Four years ago, on November 14, 2017, the Hungarian Air Traffic Service launched the so-called Remote Tower, which enables distant airport management. Budapest Liszt Ferenc is the first airport in the world to use this innovative solution. The progressive technology will be upgraded by HungaroControl in a new project, which will result in a integrated system that will manage the capital’s international airport traffic even more efficiently. Viktor Zsóka, the leader of the company’s system development team, presented the details.
HungaroControl obtained the operating license of Remote Tower in 2017, after the completion of the official certification process. Since then, the company has been operating the Remote Tower control room – located at the company’s headquarters on Igló Street – as a contingency center suitable for live control. However, right after verification it became clear that airport traffic management system is very fragmented, making it difficult for tower controllers to work with, because they have to process a huge amount of information at once. Currently, colleagues serving in the control tower are watching more than ten different screens simultaneously, which are displaying information conveyed by a separate supporting subsystems. In addition, some of them are obsolete – have been used for decades – and are considered to be a so-called “legacy systems”, although in the meantime they have undergone some modernization.
Due to the current level of technological advancement, it is less justified to maintain the current fragmented system, as increased data transfer rates and significant improvements in computer performance allow installation of more integrated systems. In 2017, HungaroControl successfully applied for EU funding with the mirTWR program – which aims to improve Remote Tower technology –, thanks to which the entire control tower management system will be renewed. The company is implementing the project in several overlapping phases.
The first development has already taken place: the hardware for the advanced surface movement guidance and control system (A-SMGCS) has been replaced. In the second phase, the system for identifying and locating vehicles moving around the airport (MLAT) will be modernized. This is necessary because the terrain conditions at Budapest Airport have changed in the meantime (new facilities have been built), so the detection system needs to be adapted to the altered environment. In parallel, six new camera poles have been installed at the airport, allowing the Remote Tower video system to be upgraded. HungaroControl will also acquire a new tower control simulator, which will improve the effectiveness of trainings, because the new tool can model the live environment.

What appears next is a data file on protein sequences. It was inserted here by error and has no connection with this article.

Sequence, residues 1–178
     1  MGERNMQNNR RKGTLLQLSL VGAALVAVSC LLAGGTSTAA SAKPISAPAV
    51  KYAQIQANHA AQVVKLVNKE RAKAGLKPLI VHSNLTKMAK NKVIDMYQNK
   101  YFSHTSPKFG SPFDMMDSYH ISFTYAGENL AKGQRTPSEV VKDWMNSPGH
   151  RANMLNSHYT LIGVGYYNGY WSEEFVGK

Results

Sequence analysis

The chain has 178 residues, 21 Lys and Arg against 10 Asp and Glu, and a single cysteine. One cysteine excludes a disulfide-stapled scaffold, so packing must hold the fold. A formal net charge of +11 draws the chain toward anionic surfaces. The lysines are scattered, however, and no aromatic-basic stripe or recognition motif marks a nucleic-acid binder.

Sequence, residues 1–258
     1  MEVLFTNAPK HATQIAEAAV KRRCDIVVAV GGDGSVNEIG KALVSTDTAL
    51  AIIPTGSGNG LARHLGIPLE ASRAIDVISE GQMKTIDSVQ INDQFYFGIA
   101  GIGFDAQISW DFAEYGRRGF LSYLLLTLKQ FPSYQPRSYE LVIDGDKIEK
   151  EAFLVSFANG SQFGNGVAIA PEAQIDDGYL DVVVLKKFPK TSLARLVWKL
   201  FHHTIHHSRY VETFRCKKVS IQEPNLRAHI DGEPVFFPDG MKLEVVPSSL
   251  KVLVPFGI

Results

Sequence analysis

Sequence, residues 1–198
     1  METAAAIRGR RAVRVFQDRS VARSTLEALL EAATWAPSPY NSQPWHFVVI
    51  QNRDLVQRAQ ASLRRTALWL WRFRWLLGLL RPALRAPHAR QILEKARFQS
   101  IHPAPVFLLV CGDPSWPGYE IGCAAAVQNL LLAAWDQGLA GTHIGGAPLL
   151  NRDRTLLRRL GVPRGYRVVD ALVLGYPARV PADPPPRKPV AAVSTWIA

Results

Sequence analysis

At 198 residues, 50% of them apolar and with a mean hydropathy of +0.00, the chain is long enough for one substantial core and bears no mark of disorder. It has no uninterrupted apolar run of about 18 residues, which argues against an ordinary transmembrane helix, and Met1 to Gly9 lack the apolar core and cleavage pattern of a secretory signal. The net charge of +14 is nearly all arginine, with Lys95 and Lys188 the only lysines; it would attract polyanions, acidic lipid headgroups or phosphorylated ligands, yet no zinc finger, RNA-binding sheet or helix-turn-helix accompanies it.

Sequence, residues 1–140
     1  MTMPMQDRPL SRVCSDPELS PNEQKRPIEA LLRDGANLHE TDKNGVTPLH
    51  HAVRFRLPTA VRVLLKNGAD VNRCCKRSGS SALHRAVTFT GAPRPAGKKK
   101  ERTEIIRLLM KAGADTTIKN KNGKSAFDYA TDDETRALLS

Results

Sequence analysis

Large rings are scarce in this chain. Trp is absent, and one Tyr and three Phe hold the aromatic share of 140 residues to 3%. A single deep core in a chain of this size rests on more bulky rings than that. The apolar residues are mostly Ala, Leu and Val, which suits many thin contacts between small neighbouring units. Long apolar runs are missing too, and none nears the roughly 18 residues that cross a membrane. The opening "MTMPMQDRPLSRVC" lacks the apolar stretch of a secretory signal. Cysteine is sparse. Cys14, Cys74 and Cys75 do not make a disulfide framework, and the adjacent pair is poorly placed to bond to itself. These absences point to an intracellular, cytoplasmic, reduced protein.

The consequence of these improvements will be that tower controllers will be able to use a more transparent and integrated system that displays the information they need to get the job done more safely and more easily. Upgrading the surface movement guidance and control system infrastructure can eliminate several independent systems (or their dedicated interface), such as lighting control or runway status panels, by merging them into a more comprehensive solution. This also increases flight safety, as the information is concentrated in one place and managed by a single system, so new support and alarm functions can be introduced. CMAC is one of them, which examines the extent to which the pilot follows the instructions of the tower controller. Figuratively speaking, if the aircraft starts to move for example, but has not previously been authorized to do so, the new system will notify the control tower of this action.
The next important security attribute of a new system will be a supportive forecasting feature called CATC. This alerts air traffic controllers about potential conflicting situations that may arise due their instructions. For instance, this function eliminates the possibility that a line-up and landing clearance is issued for the same runway at the same time, because the system will signalize the likelihood of a safety incident. With the continuous reorganization of air traffic, this feature will be especially useful, because during peak periods, it is a great challenge for tower controllers to schedule incoming and outgoing flights in a way that optimizes runway utilization while ensuring maximum safety. Last but not least, proper planning of the ground movement of aircrafts also reduces greenhouse gas emissions, because engines run on the ground for less time.
In October 2020, HungaroControl issued a public tender for the procurement and installation of the video system, the integrated A-SMGCS and the simulator. In October 2021, the contract was signed with the Norwegian Indra Navia, which is a leading digital transformation consultancy company in transport industry. According to the implementation schedule, consultation with the manufacturers will take place by February 2022, after which the installation and testing of the various systems and the commissioning of the simulator will begin. The goal is for the controllers to manage the traffic of the Budapest International Airport from the Remote Tower located at the headquarters by the end of 2023, but not later than the beginning of 2024.